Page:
Tuesday, October 15, 2013

Towards a world without "development" ?

Sixty years of development assistance later, the poor remain poor, inequalities are growing, and hopes for change are becoming few and far in between.

"In the long run, and all other things being equal, foreign assistance dependence, like drug addiction, destroys rather than enhances the institutional capacities of the users, paralyses national initiatives ... and erodes the very basis of national sovereignty" (Servine Rugumamu)

Is development assistance just like a drug addiction? It certainly seems like it at times here in Mbandaka. The Democratic Republic of the Congo is a particularly sobering example of how international involvement has failed to improve, maybe even in parts worsened the situation. Fact is that the average income is lower in 2013 than it was 1960 (the year of independence). Who is to blame and to whom can the Congolese turn to for help?

Certainly the infamous cleptocrat Mobutu Sese Seko is on top of the list of culprits, followed by the United States of America and other international donors that supported his destructive regime via loans (often funneled through usual suspects such as the IMF or the World Bank). They knew of Mobuto's blatant disregard for the welfare of his people, and not just since the details report of the German Bundesbank employee Erwin Blumenthal, who was sent to investigate the financial situation in 1979. Yet the monies continued to roll in.
In more recent years Rwanda and Uganda can be added to the list, but the congolese elite and government never missed out on the action aka a piece of the pie. They are on my list of culprits without a doubt.

How would it seem to an alien if he/she/it had a look at our planet and noticing that the country with the most accessible natural recourse wealth is the poorest country on the planet? Probably something like WTF? But at the same time, it underlines the huge potential that rests within the sleeping giant in the heart of Africa.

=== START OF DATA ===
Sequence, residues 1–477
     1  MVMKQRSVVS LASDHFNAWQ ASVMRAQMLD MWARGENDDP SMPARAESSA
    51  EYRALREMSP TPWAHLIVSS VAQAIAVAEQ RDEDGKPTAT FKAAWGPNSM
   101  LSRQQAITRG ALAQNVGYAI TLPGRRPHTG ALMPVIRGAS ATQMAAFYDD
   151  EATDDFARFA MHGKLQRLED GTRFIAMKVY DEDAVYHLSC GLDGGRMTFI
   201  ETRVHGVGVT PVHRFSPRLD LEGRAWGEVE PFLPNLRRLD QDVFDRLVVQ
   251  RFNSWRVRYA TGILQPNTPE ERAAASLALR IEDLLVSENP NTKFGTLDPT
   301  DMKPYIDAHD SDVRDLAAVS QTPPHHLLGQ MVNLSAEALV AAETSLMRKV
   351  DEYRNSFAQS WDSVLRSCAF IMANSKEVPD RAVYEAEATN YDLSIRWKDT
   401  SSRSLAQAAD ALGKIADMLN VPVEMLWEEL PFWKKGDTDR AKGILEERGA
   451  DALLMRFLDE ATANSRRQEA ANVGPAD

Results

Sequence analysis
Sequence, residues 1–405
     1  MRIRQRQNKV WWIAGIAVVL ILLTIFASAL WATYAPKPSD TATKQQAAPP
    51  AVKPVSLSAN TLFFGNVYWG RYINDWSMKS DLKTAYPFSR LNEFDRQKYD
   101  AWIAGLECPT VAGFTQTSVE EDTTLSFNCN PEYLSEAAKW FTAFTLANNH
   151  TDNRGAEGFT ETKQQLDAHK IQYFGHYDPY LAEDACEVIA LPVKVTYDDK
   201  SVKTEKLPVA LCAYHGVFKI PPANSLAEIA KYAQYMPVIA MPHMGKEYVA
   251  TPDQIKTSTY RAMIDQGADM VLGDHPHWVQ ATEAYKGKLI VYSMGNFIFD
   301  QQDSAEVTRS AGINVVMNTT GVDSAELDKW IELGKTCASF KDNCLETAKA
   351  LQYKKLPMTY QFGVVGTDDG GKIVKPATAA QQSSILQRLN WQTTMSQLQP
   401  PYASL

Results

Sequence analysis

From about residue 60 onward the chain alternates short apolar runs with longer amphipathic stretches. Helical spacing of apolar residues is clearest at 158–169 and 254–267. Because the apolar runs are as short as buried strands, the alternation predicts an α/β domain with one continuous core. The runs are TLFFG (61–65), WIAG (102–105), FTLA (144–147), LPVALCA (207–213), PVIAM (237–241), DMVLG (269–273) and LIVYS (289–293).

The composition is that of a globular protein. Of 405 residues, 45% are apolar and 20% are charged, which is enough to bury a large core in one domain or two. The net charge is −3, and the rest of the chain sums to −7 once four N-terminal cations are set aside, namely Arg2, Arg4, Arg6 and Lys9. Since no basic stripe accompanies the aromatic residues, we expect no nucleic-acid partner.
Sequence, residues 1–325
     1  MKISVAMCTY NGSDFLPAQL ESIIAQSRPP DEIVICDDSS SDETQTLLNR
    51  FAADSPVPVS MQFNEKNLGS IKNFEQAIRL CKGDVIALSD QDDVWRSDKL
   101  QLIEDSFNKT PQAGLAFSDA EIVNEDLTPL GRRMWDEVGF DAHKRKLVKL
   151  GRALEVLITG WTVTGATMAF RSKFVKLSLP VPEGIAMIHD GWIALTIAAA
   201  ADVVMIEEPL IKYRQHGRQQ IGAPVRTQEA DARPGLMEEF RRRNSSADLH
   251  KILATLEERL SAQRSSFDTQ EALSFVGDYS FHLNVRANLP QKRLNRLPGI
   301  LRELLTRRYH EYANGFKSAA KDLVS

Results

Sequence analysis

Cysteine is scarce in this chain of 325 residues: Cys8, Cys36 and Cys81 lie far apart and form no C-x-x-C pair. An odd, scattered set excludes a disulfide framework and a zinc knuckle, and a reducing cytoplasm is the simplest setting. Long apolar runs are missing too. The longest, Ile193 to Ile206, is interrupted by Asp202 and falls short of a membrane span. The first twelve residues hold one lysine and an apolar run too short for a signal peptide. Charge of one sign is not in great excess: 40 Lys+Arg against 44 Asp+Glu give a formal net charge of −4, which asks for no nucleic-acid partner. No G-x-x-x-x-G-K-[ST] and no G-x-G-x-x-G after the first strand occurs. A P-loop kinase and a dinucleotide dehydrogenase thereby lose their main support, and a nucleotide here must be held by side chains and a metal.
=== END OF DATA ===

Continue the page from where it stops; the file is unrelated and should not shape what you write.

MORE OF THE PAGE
Just like critics of Lumumba often point out his lack of patience and focus on the past, instead of seeing a future ahead, a re-focus is in order. What can I do to help the average Congolese on a path towards a more healthy, happy, safe and sustainable future? Well, probably something in between not very much at all, and absolutely nothing. Nevertheless the universe has brought me here and the question of what to do - philosophically speaking - nags me.

I decided to go back to school with the hope of working in a "developing country" based on the countless wonderful experienced I had all over the world. I carried a strong believe in humanity, especially the less privileged, and a pretty strong anger against the  persisting  structures that allowed inequality to continue. I still carry the later in me :) Living in the Equateur region of the DRC has brought me to doubt the prior though.

My naiveté concerning the self-less, loving people of a developing world can not be underestimated. Call it luck or difference between travel and living somewhere. Either way, things have not been as dazzling in the DRC as during my travel through Honduras, Bolivia, Brazil, Chile, Zimbabwe, Thailand, Mexico, Malaysia, India, Vietnam, Malawi, Lesotho or South Africa. As much as each of those countries has their problems I encountered the kindest, most carrying people, going out of their way to help a girl traveling by herself.

In fact all the Eurocentric clichés of Africa have found their way into my mouth and mind here in the Mabandaka: corruption, lack of discipline, arrogance and deceptiveness (this might be my personal cliche based the last months), laziness, oppression of women ...  is it their own fault!?!  What happened?